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Sustainability Resources


DEFINITION: Sustainability is the ability of this generation to meet its needs without undermining the ability of future generations to meet their needs.

There are thousands of websites relating to sustainability. We can only list our favorites here. We want to raise an important issue, though, as we do: Most advocates of sustainability think sustainability is about the relationship between human economics and natural ecology. We propose there's more to it than that. Human politics and governance (or, more accurately, human collective intelligence) is a (if not the) critical factor because without it a society has no capacity to change its economics and interface with nature. It will just keep on going as it has been. So our societal collective intelligence is fundamental to sustainability, in practice. -- Tom Atlee


Sustainability-related pages on this site include: deals with the global eco-village network of conscious eco-living experiments around the world. The Rocky Mountain Institute and The Institute for Local Self-Reliance provide guidance for communities that want to be economically and ecologically more sustainable. People interested in intentional communities will find the Fellowship of Intentional Communities site fascinating; it, too, has great links to sustainability subjects. John Curl provides compelling history about how people have worked together for mutual aid, including an inspiring story of Oakland, CA, in the 1930s ("Living in the UXA"). And the Simple Living Network provides "tools and living examples for those who are serious about learning to live a more conscious, simple, healthy and restorative lifestyle."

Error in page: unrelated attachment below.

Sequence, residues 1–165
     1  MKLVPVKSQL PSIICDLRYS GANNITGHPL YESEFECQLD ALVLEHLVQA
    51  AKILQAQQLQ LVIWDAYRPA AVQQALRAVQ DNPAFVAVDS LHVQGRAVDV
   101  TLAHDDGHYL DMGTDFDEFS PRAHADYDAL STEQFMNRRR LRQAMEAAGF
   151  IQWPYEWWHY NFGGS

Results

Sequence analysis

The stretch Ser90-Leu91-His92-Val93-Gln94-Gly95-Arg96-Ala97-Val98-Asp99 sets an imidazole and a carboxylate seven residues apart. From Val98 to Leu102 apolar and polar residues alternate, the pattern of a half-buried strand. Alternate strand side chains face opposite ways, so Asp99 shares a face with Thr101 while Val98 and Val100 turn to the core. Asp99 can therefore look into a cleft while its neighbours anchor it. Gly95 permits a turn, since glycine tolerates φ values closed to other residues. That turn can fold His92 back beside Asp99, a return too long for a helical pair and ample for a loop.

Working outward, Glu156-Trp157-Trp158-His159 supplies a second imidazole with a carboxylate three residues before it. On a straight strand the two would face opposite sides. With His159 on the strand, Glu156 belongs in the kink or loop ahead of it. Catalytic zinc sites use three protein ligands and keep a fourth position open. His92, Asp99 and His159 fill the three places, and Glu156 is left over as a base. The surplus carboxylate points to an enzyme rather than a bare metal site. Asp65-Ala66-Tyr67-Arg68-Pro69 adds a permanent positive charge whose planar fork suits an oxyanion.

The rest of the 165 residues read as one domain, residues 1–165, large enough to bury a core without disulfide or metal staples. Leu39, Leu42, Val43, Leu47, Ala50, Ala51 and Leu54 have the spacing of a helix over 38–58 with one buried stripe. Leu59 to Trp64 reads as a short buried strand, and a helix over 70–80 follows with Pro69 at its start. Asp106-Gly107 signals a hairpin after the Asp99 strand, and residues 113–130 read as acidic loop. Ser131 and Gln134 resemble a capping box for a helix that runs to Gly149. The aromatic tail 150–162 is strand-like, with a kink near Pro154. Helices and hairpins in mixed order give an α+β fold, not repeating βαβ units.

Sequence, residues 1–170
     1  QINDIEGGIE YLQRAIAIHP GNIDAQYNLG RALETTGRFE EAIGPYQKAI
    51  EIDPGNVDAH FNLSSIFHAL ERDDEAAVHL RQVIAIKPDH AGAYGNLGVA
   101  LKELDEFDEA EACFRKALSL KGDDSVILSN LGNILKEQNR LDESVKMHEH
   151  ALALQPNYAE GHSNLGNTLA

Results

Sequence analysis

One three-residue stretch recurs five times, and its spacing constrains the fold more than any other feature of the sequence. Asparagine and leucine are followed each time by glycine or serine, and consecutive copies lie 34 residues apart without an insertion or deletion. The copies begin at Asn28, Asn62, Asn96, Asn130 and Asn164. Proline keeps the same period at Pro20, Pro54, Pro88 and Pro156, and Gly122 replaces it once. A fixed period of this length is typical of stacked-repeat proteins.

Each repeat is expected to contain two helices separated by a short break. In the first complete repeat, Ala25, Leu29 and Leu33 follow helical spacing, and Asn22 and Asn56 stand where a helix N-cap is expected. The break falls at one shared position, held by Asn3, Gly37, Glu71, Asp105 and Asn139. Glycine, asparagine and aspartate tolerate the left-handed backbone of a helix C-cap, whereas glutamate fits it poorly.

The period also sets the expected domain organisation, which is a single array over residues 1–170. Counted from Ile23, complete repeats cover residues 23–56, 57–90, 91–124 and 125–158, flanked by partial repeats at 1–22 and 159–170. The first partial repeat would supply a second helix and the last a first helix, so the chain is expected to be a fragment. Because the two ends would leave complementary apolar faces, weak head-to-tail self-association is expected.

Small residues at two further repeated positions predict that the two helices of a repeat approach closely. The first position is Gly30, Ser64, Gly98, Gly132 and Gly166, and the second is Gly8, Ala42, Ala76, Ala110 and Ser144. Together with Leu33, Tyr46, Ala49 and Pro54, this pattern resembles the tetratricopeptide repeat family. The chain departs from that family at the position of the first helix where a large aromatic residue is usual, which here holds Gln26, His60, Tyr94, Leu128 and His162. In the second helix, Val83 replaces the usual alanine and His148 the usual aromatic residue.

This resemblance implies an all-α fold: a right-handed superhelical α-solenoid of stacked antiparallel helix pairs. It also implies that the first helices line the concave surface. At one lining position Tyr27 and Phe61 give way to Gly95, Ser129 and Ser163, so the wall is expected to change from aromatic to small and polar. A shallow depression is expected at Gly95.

TraNet, In Context, Grassroots Economic Organizing, and Yes! are all magazines that provide inspiring, educational and practical articles about building a sustainable, humane, positive future. Many useful articles are on-line, and they can lead you to more resources. Listserv archives are another good source of information. Check out the Ecobalance archives or some of the other archives compiled by Communications for a Sustainable Future.

Among my favorite sites which offer link-lists to other community and sustainability websites are Empowerment Resources, People in Action for a Better World, One Earth, Motherheart (especially the community section), Sustainable Development and Communications for a Sustainable Future (which has a permaculture and sustainable living page and a self-sufficient sustainable village page, neither of which are easily accessible from the home page). Many of these provide interesting online articles, as well as links. The Alliance for a Paving Moratorium promotes depaving many roads for food gardens, pedal-power transport, and restoration of local food supply/distribution for "sustainable village economics." articulates a "pattern language" for bioregional sustainability.  "A pattern language" is architect/planner Christopher Alexander's term for a collection of elements that make a liveable place -- from micro-factors to macro-factors -- all interrelated in a coherent whole.  Stuart Cowan of EcoTrust has created such a list of modular factors.  His pattern language is a veritable mini-encyclopedia of sustainable ideas and practices, such as Awareness of Consumption and Its Effects, Beauty and Play, Community-Based Financial Institutions, Cyclical Patterns of Production and Consumption, Local Currencies and Trading Systems, Practical Skills in Support of Place, Regional Tax Revenue Sharing, Urban Growth Boundaries, Waste as a Resource, Wildlife Corridors, and dozens more.  Click on any item in the list and you get a succinct description of it and links to related elements in the pattern language.  It is, itself, a web of life -- a truly remarkable achievement.